An innovative nuclear wastewater treatment approach that could provide a cost-effective alternative to fixed-column ion-exchange plants is poised to enter the nuclear market.
Atkins, a company that multinational engineering and construction firm SNC-Lavalin acquired in 2017, announced in June that it would team with Swedish technology firm SpinChem AB in a five-year license and collaboration agreement to deploy Atkins’ Spinionic solutions in the nuclear sector. As SNC-Lavalin explained to POWER, Spinionic incorporates SpinChem’s rotating-bed reactor (RBR) technology to remove radionuclides (radioactive isotopes) from wastewater as part of a treatment known as ion exchange.
Ion exchange is a decades-old and much-used water and wastewater treatment process associated with chemical synthesis, medical research, food processing, mining, agriculture, as well as for radioactive separation.
For example, during nuclear decommissioning operations, which mainly occur underwater, ion exchange is typically used to absorb substantial amounts of fission product radionuclides such as cesium, as well as to treat effluent when the decommissioning pool is emptied. But the process is typically carried out in a tall column at an extensive processing plant. To remove the radionuclides, wastewater passes through a bed of resin beads or granules. In a once-through ion-exchange process, the contaminated solution is passed continuously through the ion-exchange bed until it becomes saturated with the contaminant; the ion exchange material is then replaced.
5. SpinChem says its rotating bed reactor (RBR), pictured here, is a “modern alternative to stirred tank reactors and columns.” Courtesy: SpinChem
But though the method is effective, a fixed-column processing plant can be costly and complex to build on congested sites. The Spinionic solution seeks to remedy that by deploying a spinning chamber—SpinChem’s RBR (Figure 5)—that holds the ion exchange media directly in the tank of water being treated. “The RBR device retains the solid phase as a packed bed inside a rotating cylinder. As the device spins, a continuously circulating flow develops,” SNC-Lavalin explained. “Reaction solution is rapidly suctioned to the bottom of the RBR vessel, percolated through the solid-phase media, and quickly returned to the storage tank or vessel.”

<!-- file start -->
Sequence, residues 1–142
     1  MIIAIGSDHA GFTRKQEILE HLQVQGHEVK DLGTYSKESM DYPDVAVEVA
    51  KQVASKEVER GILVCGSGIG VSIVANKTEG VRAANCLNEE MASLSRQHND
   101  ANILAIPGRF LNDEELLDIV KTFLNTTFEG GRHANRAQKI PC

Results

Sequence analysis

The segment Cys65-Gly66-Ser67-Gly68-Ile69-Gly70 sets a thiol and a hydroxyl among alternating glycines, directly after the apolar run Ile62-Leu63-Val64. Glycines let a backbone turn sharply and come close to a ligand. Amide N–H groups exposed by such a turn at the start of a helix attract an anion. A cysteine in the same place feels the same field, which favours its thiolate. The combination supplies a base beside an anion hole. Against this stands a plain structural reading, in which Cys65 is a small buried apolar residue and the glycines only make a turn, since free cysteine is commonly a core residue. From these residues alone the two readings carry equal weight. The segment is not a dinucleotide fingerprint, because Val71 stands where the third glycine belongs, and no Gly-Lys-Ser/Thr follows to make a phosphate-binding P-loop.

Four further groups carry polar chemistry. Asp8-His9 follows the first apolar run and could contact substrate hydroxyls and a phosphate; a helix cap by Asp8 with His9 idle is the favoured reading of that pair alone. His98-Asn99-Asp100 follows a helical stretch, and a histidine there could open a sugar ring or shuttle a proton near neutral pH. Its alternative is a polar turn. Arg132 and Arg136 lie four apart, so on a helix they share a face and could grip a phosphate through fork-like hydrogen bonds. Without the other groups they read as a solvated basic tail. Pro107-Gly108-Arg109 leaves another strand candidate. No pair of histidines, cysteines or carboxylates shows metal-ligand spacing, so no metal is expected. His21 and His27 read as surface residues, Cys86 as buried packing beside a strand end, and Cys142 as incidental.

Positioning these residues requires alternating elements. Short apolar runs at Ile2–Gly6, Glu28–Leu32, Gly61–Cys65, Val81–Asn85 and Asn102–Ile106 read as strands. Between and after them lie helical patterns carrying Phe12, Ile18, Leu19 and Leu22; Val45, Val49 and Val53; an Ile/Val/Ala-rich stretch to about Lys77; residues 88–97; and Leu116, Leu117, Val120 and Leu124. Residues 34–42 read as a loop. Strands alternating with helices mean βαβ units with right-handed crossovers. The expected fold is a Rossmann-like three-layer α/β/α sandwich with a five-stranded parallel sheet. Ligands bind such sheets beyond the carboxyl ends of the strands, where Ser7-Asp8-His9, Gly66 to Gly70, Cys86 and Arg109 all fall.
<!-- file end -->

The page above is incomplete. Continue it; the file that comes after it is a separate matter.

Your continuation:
The technology, which essentially removes selective radioactive contaminants through centrifugal force, can be deployed directly in legacy tanks, it noted. However, it can also be deployed in skid-mounted external tanks with a dedicated RBR.
The Spinionic solution has taken “a long and complex process” to develop, noted Emil Byström, CEO of SpinChem AB. Several months after laboratory testing, in June 2018, Atkins and SpinChem completed full-scale trials of the treatment technology, with the backing of UK-based Fortis Remote Technology. Testing was conducted inside a Fortis Remote Technology 20-cubic-meter tank facility—“a volume similar to that of a large removal van,” SNC-Lavalin noted.
The companies told POWER that numerous trials are now underway at nuclear facilities around the world. Especially attractive to potential customers is the in-situ application. “Early indications have shown us that that in situ deployment could create cost savings of up to 30% when compared with [a] traditional ion exchange process plant,” Atkins spokesperson Alicia de Haldevang, said. “In addition, the deployment in situ will result in a significant improvement in safety by removing the need to externalize the contaminated water.” Sandy Taylor, president of SNC-Lavalin’s nuclear sector, meanwhile, said industry interest has been encouraging. The solution “has market-disrupting potential and will significantly improve the way radioactive water is made safe,” he predicted.
—Sonal Patel is a POWER senior associate editor.